- Local Nature Reserve, as defined by local authorities
- National Nature Reserve
- National Park
- Ramsar site
- Scheduled Monument
- Site of Special Scientific Interest
- The Broads
- World Heritage Site
If your project falls within a sensitive area* then you will need to submit a separate EIA afforestation enquiry form.
Give consent if you appoint an agent
If you decide to appoint an agent to apply for funding on your behalf then you must complete a Forestry Commission agent authority form: non-RDPE to give your consent. This is not the same form that you would complete to appoint an agent to apply for Countryside Stewardship: woodland support.
Following the close of the application window, all applications will be reviewed, scored and ranked. These applications will then be assessed against each other to ensure they meet the objectives of the fund.
The objectives of the fund are to plant at least 20,000 large trees and 110,000 small trees. To ensure the funding is allocated appropriately, the Forestry Commission may need to enter into a period of negotiation with applicants of block bids to adjust the projects that will be taken forward. You must be aware that the Forestry Commission may ask you to remove some projects from your bid.
Following this negotiation period, applications will be reassessed and agreements will be issued in September to October 2019.
To ensure that proposed planting is appropriate to the site, the Forestry Commission will undertake a number of pre-agreement site visits on up to 10% of sites. The site visit will assess the suitability of proposed planting to the site and ensure there are no trees present already or evidence of trees being there in the past 3 years. This will be carried out before agreements are awarded.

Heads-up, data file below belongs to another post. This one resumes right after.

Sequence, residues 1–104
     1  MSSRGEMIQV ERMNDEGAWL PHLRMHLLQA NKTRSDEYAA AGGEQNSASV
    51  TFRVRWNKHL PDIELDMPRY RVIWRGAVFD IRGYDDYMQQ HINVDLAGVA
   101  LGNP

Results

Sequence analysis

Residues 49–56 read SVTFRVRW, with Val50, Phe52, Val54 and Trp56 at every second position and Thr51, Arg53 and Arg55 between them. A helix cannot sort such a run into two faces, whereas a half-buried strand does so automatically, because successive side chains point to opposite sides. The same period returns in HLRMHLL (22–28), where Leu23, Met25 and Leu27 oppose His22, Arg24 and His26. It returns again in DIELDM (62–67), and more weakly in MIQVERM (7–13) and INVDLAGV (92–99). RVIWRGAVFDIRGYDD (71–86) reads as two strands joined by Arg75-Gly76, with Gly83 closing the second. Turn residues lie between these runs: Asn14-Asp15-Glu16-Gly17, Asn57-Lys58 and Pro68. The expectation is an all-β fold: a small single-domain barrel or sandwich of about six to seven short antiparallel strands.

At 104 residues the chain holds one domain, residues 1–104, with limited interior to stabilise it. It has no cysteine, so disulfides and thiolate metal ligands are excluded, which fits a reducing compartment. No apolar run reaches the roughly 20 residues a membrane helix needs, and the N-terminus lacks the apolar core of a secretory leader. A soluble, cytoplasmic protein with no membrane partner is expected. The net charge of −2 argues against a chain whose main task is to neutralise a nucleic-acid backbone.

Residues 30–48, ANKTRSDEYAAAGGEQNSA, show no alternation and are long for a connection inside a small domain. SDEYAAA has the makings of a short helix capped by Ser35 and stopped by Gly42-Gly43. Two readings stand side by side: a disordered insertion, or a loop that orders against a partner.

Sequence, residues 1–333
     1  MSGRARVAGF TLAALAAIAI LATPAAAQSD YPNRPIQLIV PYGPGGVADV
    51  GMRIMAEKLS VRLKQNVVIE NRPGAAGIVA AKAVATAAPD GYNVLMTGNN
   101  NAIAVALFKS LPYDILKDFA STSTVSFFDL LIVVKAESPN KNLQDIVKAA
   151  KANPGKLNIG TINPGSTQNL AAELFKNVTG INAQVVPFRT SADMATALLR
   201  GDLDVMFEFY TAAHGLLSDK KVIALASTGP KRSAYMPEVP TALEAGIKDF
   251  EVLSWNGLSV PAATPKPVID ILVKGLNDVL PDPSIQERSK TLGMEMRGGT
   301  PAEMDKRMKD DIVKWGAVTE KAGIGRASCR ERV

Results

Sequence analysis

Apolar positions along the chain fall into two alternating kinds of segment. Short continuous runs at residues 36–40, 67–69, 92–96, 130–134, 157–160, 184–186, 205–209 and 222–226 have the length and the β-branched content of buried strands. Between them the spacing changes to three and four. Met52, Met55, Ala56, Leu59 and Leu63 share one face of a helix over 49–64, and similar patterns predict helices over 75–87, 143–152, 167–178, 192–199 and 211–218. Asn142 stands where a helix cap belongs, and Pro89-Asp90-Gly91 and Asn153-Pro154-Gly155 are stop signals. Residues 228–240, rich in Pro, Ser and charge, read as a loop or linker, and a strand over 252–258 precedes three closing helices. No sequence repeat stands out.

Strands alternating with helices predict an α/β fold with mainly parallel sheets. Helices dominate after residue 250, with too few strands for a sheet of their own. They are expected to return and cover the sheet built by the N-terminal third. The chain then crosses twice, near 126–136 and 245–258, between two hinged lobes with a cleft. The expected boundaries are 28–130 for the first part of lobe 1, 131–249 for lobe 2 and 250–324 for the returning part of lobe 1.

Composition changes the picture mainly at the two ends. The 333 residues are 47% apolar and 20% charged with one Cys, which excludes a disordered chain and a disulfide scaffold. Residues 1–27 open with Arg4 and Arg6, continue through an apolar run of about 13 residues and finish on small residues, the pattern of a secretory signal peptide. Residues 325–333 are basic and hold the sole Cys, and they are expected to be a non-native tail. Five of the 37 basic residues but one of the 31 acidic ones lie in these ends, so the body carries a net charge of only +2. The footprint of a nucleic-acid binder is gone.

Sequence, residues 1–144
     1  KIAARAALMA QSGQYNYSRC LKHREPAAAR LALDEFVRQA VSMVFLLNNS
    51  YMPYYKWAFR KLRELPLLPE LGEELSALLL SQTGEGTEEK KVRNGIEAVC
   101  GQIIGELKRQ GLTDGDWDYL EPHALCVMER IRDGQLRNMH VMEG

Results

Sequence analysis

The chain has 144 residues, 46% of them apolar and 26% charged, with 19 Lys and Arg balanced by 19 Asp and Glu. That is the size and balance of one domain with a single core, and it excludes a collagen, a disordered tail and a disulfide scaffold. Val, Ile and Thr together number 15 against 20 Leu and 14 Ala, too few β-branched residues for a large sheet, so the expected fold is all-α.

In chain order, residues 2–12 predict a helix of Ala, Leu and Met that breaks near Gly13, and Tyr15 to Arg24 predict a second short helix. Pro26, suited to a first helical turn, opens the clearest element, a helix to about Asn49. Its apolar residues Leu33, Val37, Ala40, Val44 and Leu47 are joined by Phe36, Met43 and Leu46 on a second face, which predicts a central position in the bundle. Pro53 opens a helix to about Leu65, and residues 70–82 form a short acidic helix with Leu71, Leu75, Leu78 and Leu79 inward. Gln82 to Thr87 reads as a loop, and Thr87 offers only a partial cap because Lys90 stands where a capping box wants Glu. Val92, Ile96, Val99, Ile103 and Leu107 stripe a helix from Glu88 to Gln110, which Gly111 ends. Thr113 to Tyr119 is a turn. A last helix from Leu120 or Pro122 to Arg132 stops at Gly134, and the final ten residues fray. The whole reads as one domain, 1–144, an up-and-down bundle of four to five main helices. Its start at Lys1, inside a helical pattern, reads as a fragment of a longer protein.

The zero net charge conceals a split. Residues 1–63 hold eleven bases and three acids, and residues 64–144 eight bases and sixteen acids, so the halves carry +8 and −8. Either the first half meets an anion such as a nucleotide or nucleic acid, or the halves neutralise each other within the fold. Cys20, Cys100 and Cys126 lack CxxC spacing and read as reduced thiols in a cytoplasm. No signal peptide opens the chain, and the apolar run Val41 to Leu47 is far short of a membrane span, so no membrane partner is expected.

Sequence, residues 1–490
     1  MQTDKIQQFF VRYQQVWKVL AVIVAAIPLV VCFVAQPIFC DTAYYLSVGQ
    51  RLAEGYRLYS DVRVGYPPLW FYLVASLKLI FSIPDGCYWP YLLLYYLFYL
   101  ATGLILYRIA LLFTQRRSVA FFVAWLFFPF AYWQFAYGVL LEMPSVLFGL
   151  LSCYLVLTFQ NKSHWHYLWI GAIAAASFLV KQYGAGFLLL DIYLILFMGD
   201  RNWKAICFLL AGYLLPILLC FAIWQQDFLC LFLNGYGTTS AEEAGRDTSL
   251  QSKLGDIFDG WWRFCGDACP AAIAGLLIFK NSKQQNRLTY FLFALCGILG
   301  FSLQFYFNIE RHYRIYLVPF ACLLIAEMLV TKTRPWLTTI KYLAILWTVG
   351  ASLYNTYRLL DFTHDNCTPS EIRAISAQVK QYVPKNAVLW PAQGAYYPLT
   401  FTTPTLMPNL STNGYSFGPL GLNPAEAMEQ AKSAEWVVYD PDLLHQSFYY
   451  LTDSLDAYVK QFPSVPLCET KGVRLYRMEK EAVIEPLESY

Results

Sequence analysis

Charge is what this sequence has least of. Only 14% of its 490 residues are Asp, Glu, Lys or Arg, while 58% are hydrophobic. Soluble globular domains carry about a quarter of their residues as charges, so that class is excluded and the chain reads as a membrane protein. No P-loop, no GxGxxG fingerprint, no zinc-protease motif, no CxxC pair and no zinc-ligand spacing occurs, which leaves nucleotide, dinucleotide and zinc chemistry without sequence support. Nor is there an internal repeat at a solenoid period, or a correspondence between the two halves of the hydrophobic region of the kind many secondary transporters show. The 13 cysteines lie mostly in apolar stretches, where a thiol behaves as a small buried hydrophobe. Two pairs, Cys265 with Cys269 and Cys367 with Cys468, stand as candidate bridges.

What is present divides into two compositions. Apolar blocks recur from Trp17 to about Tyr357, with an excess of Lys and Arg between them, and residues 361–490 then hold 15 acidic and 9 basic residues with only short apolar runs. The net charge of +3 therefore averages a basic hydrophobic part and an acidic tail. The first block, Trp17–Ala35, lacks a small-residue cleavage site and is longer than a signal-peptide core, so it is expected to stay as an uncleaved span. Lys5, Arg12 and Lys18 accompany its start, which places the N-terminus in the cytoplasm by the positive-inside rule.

Further inspections will be carried out on a selection of planting sites following receipt of claims. Once inspections have been completed, payments will be made to Agreement Holders.
Submit an Expression of Interest
The Urban Tree Challenge Fund is only open to block bids in year one. We will be open to individual applications in year 2 but will be running an Expression of Interest process during the year one application window (23 May-28 July 2019). You will be added to our contact list, which will give you early access to the latest information about the fund. This will include early notification of when the fund will re-open in year 2.
Submit an Expression of Interest using our Urban Tree Challenge Fund expression of interest form.
Make an appeal
Find out how to make a complaint or appeal.
Terms and conditions
How it works
What is funded
The Urban Tree Challenge Fund provides up to 50% funding of standard costs (see Table 4 - Standard cost for items available for planting and establishing trees) for planting large and small trees and their establishment costs for 3 years following planting. The funding supports the cost of buying a tree, planting in a grass verge, the cost of basic protection and the labour required to plant it.
Establishment payments support the cost of weeding, watering and checking trees during multiple visits over a three year period.
Trees are referred to as ‘Standard’, ‘Feather’ and ‘Whip’ as defined in Table 4 - Standard cost for items available for planting and establishing trees. For a further detailed breakdown of what these costs cover, please see the Urban Tree Challenge Fund application form.
The grant rate available per tree is a maximum of 50% of standard costs and we will not fund anything above this value. You have the option within your application form to apply for a lower intervention rate if you are able to match fund more than 50% of the standard costs.
Table 4 - Standard cost for items available for planting and establishing trees
|Tree Type||Description||100% Standard Cost (£) (planting and three years of establishment)||Funding rate - 50% of Standard Cost (£)(planting and three years of establishment)|